Is There Flex When It Comes To Sustainability?


Is there flex when it comes to sustainability?


It's 2022, and a new year brings opportunities for a fresh start. We wipe the slate clean, ready for the challenges that lie ahead. While January is still very much winter territory, we know that spring will be upon us in the blink of an eye, signalling a new season and the rebirth of nature after some chillingly cold months.
We've always been honest about our journey when it comes to sustainability, and we are growing every day. Developing a solid sustainability policy is a marathon, not a sprint, and it's a job we take very seriously. When creating our sustainability policies and how we conduct ourselves, we like to dig a little deeper.

Going green is easy, but when it comes to practical implementation, there are many challenges, and that's not an excuse. We aim to do better every day and are constantly looking for environmentally friendly alternatives that will help us be kinder to the environment while maintaining our product's quality and integrity.

We're currently gaining some very exciting certifications that we hope to be able to tell you more about in the coming issues of Sweet Talk, but until then, let's talk about some general misconceptions regarding packaging. As a confectionery brand, we're always looking for exciting and innovative packaging ideas and ways to help balance our carbon footprint and act more sustainably, but it's not as easy as you might think.

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If we mention the word plastic in a sustainability conversation, you might be quick to point out how ‘bad’ plastic is, but this material has its uses and now plastic can be recycled too. Furthermore, the infrastructure of plastic production means that there is no shortage of supply, and it doesn’t directly use up natural resources in its production as it can now also be recycled safely; it has endless possibilities.

Regarding food packaging, it is essential to remember that not just anything can be used to package food; we have ‘food grade’ packaging, which means it’s a safe environment to house edible products. This adds extra challenges when creating sustainable and environmentally friendly packaging.

So, what are the alternatives? Paper is, of course, a strong alternative to plastic, easily recyclable and a natural resource, it seems like an obvious choice, but while there are specific spaces where this is very doable, we also have to remember that paper is a finite resource. We have to grow enough trees to satisfy the demand for paper products, which also adds pressure to growers and the planet, as the paper will need to come from sustainable sources. Is it feasible to replace all plastic with paper without adding further environmental strain?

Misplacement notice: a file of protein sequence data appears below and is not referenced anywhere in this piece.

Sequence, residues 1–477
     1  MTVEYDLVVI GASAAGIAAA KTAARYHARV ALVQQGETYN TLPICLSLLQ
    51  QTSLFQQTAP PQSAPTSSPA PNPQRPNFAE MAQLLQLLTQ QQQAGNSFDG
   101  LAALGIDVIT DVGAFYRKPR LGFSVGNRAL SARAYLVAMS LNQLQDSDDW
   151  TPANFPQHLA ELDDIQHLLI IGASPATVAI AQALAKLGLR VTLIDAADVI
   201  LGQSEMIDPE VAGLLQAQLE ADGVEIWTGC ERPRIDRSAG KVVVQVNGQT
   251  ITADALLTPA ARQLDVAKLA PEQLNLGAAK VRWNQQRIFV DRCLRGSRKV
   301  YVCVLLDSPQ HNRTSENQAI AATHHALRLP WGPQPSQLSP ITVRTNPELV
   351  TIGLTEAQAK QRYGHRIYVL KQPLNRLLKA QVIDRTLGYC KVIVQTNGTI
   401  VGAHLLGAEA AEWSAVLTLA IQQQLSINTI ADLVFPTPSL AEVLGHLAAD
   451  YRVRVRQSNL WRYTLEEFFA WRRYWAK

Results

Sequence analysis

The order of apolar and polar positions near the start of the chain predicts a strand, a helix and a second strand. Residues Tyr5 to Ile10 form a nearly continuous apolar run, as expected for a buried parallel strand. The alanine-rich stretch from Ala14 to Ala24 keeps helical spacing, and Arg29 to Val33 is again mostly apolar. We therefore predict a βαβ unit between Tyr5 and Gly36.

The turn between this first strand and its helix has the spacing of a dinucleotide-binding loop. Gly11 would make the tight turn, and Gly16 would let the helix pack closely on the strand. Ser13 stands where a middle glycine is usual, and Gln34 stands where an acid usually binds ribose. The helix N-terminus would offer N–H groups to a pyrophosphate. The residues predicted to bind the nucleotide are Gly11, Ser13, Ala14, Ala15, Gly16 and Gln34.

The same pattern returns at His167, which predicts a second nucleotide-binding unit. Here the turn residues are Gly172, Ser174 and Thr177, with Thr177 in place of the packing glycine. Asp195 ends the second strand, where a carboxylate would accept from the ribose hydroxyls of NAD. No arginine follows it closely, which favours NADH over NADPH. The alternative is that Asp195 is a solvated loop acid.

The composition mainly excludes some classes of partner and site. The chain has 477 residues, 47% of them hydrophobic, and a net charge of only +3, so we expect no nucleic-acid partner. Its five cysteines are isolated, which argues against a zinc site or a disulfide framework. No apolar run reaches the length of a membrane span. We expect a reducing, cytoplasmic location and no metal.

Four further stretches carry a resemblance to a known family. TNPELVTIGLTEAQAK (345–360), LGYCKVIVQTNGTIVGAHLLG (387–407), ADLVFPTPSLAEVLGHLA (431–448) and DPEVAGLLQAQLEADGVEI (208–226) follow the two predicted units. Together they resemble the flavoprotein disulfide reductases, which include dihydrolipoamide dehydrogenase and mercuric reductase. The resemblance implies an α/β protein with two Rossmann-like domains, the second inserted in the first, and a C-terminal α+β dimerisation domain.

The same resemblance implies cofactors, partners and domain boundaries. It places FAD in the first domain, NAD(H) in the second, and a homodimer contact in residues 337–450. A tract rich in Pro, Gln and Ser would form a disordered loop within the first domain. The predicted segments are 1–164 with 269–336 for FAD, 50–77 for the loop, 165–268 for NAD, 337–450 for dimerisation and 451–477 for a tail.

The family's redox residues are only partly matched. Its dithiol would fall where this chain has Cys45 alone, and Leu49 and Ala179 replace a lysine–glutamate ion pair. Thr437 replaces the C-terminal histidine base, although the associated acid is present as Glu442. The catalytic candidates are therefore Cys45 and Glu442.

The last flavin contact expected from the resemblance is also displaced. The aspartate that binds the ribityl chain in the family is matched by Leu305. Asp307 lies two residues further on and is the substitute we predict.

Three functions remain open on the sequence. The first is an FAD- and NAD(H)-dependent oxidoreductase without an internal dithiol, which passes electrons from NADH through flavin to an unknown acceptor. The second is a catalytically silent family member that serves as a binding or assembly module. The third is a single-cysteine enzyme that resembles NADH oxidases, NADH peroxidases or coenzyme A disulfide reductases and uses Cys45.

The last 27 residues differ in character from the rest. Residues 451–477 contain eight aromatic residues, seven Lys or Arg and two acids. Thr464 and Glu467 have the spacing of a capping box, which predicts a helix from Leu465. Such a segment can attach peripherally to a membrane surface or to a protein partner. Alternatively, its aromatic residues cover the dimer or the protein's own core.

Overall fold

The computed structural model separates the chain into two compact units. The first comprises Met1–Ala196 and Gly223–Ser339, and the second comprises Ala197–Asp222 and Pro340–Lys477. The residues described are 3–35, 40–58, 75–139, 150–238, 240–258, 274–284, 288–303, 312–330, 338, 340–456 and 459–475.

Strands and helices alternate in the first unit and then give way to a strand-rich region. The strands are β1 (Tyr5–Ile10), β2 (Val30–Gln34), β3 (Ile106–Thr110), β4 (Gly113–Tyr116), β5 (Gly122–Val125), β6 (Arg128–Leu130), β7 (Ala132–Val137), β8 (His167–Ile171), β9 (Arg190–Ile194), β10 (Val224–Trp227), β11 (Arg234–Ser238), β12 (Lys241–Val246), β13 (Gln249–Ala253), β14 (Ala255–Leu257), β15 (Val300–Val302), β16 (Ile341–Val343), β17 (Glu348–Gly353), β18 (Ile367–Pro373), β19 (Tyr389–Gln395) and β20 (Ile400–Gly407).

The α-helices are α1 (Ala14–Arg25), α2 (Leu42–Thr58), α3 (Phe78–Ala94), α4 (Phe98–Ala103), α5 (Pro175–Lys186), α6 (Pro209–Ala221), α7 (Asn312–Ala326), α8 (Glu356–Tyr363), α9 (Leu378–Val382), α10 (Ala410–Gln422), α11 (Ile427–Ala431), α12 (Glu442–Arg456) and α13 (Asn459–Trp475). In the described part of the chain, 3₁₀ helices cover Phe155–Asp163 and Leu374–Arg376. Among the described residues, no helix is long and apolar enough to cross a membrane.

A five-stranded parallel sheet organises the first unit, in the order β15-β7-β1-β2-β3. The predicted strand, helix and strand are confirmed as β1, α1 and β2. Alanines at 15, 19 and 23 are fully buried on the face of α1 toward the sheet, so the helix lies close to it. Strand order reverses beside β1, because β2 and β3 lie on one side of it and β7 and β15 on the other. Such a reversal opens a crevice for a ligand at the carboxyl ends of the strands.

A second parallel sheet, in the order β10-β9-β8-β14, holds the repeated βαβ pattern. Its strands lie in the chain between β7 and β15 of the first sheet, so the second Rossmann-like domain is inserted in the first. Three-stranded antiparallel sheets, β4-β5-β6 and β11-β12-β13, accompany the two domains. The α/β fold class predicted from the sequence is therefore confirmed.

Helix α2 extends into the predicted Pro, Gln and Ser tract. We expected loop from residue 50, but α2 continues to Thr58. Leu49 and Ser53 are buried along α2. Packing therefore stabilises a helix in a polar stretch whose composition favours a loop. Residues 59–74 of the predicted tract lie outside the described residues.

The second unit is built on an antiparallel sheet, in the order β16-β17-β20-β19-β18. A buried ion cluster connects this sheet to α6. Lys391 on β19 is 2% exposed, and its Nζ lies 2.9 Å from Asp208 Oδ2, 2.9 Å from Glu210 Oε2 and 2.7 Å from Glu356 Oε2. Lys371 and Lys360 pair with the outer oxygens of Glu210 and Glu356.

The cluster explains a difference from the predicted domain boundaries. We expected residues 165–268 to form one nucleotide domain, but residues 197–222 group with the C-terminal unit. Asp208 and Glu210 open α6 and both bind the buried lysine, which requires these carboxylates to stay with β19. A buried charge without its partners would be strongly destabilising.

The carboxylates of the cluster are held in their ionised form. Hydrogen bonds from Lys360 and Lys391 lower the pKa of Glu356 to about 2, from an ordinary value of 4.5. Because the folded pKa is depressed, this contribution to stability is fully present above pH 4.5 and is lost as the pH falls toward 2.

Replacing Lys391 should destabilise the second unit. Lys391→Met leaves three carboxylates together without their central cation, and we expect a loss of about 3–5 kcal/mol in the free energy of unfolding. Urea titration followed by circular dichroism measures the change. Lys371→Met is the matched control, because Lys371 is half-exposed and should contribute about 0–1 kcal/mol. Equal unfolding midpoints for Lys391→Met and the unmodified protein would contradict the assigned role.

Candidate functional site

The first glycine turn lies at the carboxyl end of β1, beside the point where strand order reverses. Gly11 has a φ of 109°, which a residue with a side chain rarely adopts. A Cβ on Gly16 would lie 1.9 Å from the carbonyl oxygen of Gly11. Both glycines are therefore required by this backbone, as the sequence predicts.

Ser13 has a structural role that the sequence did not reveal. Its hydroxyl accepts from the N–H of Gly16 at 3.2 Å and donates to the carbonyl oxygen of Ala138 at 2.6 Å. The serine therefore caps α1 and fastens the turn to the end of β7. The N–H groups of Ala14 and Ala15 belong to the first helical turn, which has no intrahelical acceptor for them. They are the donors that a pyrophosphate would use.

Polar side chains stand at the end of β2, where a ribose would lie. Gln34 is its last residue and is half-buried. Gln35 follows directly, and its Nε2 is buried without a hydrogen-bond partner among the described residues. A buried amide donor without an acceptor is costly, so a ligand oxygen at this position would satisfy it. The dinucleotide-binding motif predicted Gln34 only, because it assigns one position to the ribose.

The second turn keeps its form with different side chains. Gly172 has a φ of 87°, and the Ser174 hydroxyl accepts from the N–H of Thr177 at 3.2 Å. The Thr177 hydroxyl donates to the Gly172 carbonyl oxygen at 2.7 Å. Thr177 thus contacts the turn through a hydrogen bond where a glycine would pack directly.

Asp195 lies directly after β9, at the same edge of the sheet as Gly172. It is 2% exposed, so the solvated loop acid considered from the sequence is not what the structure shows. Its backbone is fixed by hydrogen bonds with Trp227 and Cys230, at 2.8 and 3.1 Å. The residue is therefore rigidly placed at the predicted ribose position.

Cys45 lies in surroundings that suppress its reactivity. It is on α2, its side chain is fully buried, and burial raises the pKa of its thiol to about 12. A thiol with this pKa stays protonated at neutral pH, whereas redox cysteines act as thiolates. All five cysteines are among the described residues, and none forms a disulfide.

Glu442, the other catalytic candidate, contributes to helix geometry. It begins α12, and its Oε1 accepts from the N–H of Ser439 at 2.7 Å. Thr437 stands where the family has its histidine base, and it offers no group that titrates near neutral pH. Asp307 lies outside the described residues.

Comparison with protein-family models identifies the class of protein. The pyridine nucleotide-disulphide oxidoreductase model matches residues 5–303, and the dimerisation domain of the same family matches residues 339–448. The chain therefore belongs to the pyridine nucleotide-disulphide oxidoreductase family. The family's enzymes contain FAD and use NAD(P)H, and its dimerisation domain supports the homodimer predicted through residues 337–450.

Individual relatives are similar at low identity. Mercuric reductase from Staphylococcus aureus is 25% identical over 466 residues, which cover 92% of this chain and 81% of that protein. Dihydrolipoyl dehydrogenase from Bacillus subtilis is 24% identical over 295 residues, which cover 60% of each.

Glass is another packaging material made from natural resources and is often seen as more environmentally friendly than plastics, but did you know that glass doesn’t naturally disintegrate for hundreds of years! That means it shouldn’t go to a landfill and must be recycled. Now, glass recycling in countries such as the UK is reasonably developed, but recycling glass also increases your carbon footprint, hindering the movement towards carbon-neutral production. That doesn’t mean that glass is not environmentally friendly, but it isn’t all quite as clear-cut as it seems.


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Significant developments are being made in the packaging industry, but it is certainly a process and a journey. Sustainable packaging needs to make sure that they also maintain the product's shelf life so that we aren't throwing away products too, as this too strains the supply and production chains, both environmentally and financially.

While plastic has often been portrayed as the enemy, bioplastics offer new and exciting opportunities for the best of both worlds, with packaging that is potentially biodegradable and compostable. But we need to make sure local councils and facilities have the ability to dispose of them so that the chain isn't broken.

So what are we using here at Farhi? While we do use plastic for some of our products, we have also been working with our manufacturers and suppliers to move some products into NatureFlex ™ packaging, which is a fully compostable, bio plastic product. This unique packaging helps to maintain the freshness of the product, and of course, it is food grade safe.

The cellulose used to make NatureFlex ™ is made from renewable wood pulp that is gathered sustainably from FSC-managed forests. NatureFlex ™ also has a coating that can protect against moisture, maximising the shelf life of products. NatureFlex ™ can then be broken down and degrade very quickly; you can even compost it like you would with your standard garden waste.

The future of food packaging is undoubtedly complicated, but it is very bright. It's easy to make assumptions about what is 'best', but like with our new packaging, there needs to be a little bit of 'flex', we all want to do better for the planet, and there is no one answer with what is 'right' and wrong', it's not as easy as that. But we are doing our best and hope to do better tomorrow than we did today.